Green light for Katikati bypass on SH2

By staff reporters -
Katikati residents have long been fighting for a bypass to direct traffic around the town, which often ends up congested. Today, they are victorious. Photo/File
Katikati residents have long been fighting for a bypass to direct traffic around the town, which often ends up congested. Today, they are victorious. Photo/File

A State Highway 2 bypass between Tauranga and Waihi will go ahead.

The NZ Transport Agency has this afternoon announced that a bypass will be added to the SH2 network and will divert traffic around the township of Katikati.

The agency will also investigate if capacity improvements planned for between Omokoroa and Te Puna should be brought forward.

In a statement released this afternoon, the agency said since the $520 million Waihi to Tauranga programme was announced by Transport Minister Simon Bridges in April 2016, further investigations were done to develop detailed solutions along the corridor, including for Katikati.

The Transport Agency's central North Island regional relationships director, Parekawhia McLean, said the new information showed the number of vehicles using the road was growing much faster than expected.

"Over the last few years we've seen strong growth in traffic volumes, with the number of vehicles on the road in 2016 increasing by over 6 per cent near Katikati and over 12 percent between Omokoroa and Tauranga.

"While further work will be required to determine the best route for a bypass and the timing for design and construction, it's clear that removing the state highway from the town centre will keep people safe, continue to improve reliability for locals and tourists and improve access to Katikati.

"As well as the safety work planned for between Omokoroa and Te Puna, we will also look to bring forward other improvements to support economic growth and development."

Ms McLean said the Transport Agency expected to be in a position to provide the community with more information on the timing, possible form and indicative cost of the bypass later this year.

"There's still a lot of work to be done and we'll keep the community fully informed as we progress," Ms McLean said.

Katikati Community Board chairwoman Jenny Hobbs was "doing a jig" she was so elated the bypass had finally been approved.

Mrs Hobbs had recently organised a petition for the bypass which gained nearly 4000 signatures online.

"It's really exciting and now I want to make sure it's not something that's going to happen five years down the track, it's got to be done soon," she said.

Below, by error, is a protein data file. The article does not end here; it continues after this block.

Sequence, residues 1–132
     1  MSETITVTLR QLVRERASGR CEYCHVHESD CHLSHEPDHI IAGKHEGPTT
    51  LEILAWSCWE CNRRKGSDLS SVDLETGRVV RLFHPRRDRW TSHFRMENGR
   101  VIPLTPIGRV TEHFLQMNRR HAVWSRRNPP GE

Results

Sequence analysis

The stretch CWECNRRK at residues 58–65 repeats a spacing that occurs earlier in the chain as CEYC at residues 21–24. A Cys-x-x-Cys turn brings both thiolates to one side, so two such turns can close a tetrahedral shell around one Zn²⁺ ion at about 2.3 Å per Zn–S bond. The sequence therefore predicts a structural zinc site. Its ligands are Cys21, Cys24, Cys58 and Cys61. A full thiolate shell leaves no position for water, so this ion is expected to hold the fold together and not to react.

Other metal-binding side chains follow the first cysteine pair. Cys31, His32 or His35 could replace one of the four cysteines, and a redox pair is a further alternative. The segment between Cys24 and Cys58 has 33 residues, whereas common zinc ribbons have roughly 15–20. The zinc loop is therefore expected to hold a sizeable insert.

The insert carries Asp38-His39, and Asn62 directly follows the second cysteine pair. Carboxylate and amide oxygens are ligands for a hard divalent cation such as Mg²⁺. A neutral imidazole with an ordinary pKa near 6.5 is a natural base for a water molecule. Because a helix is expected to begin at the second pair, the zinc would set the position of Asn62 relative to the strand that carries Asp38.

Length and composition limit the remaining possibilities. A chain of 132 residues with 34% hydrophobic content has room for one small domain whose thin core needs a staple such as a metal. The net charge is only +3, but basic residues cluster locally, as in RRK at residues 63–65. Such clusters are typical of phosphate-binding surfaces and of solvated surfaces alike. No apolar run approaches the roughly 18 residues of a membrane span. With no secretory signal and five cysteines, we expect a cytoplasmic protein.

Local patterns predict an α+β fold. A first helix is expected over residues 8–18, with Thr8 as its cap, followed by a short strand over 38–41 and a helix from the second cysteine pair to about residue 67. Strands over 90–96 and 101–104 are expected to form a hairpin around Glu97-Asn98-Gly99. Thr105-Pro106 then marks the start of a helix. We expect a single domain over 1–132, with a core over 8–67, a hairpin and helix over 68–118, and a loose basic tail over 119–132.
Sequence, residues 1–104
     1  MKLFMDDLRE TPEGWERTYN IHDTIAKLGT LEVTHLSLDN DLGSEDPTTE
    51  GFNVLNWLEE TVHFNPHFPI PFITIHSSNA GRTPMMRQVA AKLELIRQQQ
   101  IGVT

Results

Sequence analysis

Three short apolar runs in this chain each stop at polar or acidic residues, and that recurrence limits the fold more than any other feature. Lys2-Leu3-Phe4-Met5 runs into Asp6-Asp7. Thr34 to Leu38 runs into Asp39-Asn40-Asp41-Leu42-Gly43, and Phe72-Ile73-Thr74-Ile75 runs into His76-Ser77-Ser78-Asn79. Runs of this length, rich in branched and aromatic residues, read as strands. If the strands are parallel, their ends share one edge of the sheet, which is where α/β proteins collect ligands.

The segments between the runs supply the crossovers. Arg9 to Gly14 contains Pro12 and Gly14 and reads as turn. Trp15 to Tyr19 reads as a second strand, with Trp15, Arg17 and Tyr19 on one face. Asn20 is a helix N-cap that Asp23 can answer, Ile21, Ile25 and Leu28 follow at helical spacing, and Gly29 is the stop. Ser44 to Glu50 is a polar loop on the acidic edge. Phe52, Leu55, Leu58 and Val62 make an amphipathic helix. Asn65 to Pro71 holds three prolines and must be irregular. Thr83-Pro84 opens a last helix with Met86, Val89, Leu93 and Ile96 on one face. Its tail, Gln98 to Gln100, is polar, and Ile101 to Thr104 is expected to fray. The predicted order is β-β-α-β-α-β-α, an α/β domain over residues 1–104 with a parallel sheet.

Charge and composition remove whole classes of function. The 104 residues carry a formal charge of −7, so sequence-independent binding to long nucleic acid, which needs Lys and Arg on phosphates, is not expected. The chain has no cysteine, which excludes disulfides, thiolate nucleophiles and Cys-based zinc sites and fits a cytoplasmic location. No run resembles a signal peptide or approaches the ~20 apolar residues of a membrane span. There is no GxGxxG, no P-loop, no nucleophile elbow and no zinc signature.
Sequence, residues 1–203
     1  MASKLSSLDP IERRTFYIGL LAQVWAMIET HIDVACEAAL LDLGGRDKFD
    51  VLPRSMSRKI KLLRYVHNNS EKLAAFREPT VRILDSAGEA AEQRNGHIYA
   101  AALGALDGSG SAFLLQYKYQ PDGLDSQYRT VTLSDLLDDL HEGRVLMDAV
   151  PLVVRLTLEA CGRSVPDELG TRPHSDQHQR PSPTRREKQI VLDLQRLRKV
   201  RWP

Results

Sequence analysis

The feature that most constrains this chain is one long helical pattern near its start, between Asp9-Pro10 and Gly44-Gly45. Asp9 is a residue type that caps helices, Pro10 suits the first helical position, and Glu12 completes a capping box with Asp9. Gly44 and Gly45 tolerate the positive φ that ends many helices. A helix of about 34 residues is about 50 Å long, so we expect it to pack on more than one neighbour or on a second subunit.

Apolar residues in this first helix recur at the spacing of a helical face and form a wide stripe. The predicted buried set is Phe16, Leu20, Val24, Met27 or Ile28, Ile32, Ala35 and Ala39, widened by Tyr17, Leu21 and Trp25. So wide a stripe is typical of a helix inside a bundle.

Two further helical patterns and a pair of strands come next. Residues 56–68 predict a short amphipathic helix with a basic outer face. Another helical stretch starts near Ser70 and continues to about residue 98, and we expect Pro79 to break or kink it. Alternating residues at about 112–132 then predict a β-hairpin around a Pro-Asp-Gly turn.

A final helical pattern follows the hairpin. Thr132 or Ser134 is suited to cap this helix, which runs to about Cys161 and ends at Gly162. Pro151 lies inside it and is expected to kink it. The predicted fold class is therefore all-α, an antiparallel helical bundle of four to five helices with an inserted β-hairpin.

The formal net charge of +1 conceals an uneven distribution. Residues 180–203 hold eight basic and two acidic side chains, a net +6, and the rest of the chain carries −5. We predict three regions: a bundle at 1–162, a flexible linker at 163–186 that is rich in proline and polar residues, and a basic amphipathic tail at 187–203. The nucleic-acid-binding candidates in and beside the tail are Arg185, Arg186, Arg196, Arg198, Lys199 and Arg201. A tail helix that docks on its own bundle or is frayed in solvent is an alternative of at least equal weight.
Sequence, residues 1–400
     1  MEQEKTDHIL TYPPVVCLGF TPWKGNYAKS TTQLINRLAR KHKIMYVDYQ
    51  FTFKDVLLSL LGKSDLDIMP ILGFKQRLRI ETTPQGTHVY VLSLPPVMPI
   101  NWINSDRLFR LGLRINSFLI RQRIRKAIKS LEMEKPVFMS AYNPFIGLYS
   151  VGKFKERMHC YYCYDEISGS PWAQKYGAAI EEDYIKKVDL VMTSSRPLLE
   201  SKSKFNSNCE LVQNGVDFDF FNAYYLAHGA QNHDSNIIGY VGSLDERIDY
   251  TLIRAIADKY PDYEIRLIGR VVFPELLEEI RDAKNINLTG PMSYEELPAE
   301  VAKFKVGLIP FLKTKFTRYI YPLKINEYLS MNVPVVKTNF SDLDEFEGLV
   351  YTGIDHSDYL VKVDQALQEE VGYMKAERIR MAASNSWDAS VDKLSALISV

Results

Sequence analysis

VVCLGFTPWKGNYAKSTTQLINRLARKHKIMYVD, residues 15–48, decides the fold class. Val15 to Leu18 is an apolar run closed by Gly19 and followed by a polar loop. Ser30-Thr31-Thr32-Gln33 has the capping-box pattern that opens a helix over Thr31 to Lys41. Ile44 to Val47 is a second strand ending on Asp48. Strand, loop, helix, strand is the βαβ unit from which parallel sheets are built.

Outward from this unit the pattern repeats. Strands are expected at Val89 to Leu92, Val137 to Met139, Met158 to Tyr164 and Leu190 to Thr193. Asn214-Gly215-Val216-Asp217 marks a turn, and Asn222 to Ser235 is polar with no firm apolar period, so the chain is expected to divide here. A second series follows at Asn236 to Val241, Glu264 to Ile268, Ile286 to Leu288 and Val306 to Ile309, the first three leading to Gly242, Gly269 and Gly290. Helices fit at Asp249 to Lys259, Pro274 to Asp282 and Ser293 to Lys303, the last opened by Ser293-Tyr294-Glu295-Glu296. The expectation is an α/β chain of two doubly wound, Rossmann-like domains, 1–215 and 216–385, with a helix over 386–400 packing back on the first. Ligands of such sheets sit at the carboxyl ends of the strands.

She said the excitement most of Katikati would be feeling would be tempered with some fear - plans for a bypass have been promised on and off for many decades.

"People will be wanting to trust and be joyful but we do need to ensure the planning for it and commitment dates of construction are sooner rather than later."

Western Bay deputy mayor and Katikati resident Mike Williams was "absolutely delighted" at the announcement.

Central government had tended to ignore the need for a bypass for many years he said, but the town had kept fighting.

He said without so much traffic and trucks roaring through the town centre the town would become a more attractive place.

"We can make it a destination rather than a pass through town," he said.

Katch Katikati's Jaqcui Knight said it was really exciting.

"You don't believe it until you see the first bit of dirt turned or the big machines roll in but I don't think they can say no now, the pressure is too high on our roads."

Public open days on the SH2 Waihi to Tauranga programme will be held later this month.

Transport Minister and Tauranga MP Simon Bridges said the bypass was a significant investment for the wider Bay of Plenty.

"I'm pleased that the particular concerns of the Katikati community are being taken on board ... [the NZTA] are committed to removing state highway traffic from the town centre to keep people safe and improve access to Katikati," he said.

"The investment being made through this programme will transform State Highway 2 between Tauranga and Waihi, including significant safety improvements which will reduce fatal and serious injury crashes on the route, while at the same time reducing congestion and supporting strong growth along the route.

"This will make a noticeable difference for motorists and ease freight movement," Mr Bridges said.

The Government's long term goal for the State Highway 2 corridor between Waihi and Tauranga is to reduce death and serious injury, support economic growth, and improve journey predictability.

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